On Thursday, we reported on the mainstream media's uncritical fascination with an alleged group of pro-Hillary cranks called "HRC Super Volunteers," who are warning journalists not to use coded sexist language like "ambitious." Their warning was tweeted by a New York Times reporter, then widely reported on by other outlets, which also reported on tweets from a Twitter account supposedly belonging to the group.
I called bullshit on the whole enterprise, surmising that it was either a fake group. or a tiny set of cranks being given a megaphone by a press eager to tar Hillary with their oversensitive lunacy. Left, right, and center media love this story because it helps relieve them of responsibility for how they cover her. If everything is sexism, then nothing is sexism.
As it turns out, I was right both times. The Twitter account -- @HRCSuperVols -- is a fake, and while the "group" is "real," it appears to consist of a tiny cadre of Hillary supporters who are still living in the caves of the 2008 campaign. The group's "official" Twitter page -- @TheHRCSuperVols -- is a protected account with exactly 12 followers:
Even this tiny group is distancing itself from the banned words warning. The email, by co-founder John West, was "accidentally" sent using the group's Gmail account, according to other co-founder Kim Frederick. She appeared on Monday night's The Ed Show, however, to completely agree with West, and to accuse Lawrence O'Donnell of being sexist for saying that Hillary might ask her husband for advice from the Situation Room. Before I play Frederick's objection, here's the clip she's referring to, from the Last Word:
Now, this is where it gets super-complicated, because it's possible to say something stupid or unfair about Hillary Clinton without it being sexist. O'Donnell's point falls apart because what he's saying is true of any government official, whether or not they have a government email account; they can all get a private emails, too, and use them to keep messages off the government grid, and it will always be a matter of trust. That's the fundamental flaw in the whole Hillary Clinton email flap.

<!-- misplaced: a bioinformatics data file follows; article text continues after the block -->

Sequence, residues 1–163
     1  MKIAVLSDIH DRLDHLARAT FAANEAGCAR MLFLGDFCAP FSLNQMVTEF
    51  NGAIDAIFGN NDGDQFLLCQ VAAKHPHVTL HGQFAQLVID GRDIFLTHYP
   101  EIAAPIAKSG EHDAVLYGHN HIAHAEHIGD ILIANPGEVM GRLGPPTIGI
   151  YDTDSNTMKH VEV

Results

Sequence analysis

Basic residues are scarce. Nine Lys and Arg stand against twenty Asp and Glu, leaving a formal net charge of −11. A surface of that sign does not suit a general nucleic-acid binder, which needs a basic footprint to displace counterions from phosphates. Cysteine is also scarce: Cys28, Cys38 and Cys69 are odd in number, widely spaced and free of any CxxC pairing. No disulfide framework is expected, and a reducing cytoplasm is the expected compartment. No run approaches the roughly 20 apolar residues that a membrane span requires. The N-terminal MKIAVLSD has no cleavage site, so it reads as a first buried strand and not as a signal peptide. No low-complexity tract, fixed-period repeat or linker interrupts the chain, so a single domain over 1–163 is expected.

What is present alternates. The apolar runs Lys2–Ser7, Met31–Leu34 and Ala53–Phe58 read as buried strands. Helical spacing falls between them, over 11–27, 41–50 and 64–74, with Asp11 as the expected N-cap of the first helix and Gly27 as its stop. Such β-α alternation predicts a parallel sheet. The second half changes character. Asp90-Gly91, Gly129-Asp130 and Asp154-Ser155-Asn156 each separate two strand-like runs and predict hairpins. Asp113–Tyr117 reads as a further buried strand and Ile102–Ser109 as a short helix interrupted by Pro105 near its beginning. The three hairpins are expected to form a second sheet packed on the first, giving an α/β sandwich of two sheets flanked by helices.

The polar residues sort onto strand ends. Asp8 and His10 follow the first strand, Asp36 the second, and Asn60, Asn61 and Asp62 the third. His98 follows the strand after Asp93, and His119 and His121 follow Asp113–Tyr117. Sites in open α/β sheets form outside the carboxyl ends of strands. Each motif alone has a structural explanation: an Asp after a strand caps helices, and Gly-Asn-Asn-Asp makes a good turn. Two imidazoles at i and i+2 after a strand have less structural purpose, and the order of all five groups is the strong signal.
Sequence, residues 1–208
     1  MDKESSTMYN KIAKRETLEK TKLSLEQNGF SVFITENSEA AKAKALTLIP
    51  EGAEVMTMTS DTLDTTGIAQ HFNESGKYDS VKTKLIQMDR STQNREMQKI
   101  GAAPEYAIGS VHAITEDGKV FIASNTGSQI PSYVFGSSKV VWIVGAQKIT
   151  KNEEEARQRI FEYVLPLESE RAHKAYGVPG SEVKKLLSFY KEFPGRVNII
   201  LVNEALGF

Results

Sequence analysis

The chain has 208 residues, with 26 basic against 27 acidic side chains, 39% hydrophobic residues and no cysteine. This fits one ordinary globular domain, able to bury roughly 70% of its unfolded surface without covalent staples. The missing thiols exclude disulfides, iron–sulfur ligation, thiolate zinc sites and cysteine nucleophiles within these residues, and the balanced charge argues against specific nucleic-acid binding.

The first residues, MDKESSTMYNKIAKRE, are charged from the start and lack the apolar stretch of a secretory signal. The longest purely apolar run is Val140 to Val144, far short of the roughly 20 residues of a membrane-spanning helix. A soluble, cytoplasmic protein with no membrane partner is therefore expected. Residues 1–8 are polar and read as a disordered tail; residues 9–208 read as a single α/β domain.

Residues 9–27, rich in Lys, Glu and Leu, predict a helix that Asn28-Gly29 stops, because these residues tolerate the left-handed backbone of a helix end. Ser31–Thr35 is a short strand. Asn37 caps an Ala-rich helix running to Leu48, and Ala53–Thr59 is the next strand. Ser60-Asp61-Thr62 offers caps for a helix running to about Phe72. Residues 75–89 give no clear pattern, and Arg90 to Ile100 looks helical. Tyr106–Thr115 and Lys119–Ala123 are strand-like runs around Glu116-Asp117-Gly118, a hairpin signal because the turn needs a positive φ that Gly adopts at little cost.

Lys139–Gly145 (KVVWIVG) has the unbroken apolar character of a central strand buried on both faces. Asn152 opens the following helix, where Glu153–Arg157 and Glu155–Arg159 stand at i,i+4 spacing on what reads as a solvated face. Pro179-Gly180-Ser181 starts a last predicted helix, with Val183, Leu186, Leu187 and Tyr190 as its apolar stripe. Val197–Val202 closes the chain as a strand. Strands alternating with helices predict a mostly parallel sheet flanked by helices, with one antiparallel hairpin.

However, it's absurd to suggest that it is sexist to imagine she might consult a former President of the United States about the happenings in the Situation Room. He wasn't saying she asked how to change a tire, he was suggesting a consultation between equals. When confronted with this logic, Frederick decides it would be better if O'Donnell would instead refer to Bill Clinton as "the former president," and not Hillary Clinton's "husband."
It's ridiculous, but even more ridiculous is what The Progressive editor Ruth Conniff concludes about this lunacy:
"I think it hurts the campaign. Hillary Clinton, and anybody who is in communications, knows the last thing you want to do is tell a bunch of journalists what words they can and cannot use. So, in fact, I think this does a lot of damage to Hillary."
They all just got done saying how this group is not connected to Hillary Clinton in any way, and yet it's still going to do "a lot of damage" to her? I'm not saying she's wrong, but the only reason this is true is that the media is treating these dozen cranks like a real thing. If John West had written his warning as a blog post at DailyKos, they'd be mocking him on Red Eye, but no one else would ever hear about it.
But Conniff absolutely nailed the key to why this thing is being given such outsize and sloppy attention when she says "the last thing you want to do is tell a bunch of journalists what words they can and cannot use."
Imagine going to your editor and saying "Hey, Chief, I got this huge scoop here! A guy from a group of twelve internet cranks sent me an email! Stop the presses!"
You'd be laughed out of the building, but add Hillary Clinton and overwrought sexist word-policing to the mix, and you've got a winner, because that pisses reporters off, and Hillary Clinton's team pisses reporters off. And you know what? That's probably about 90% because of sexism, and so is the promotion of this story.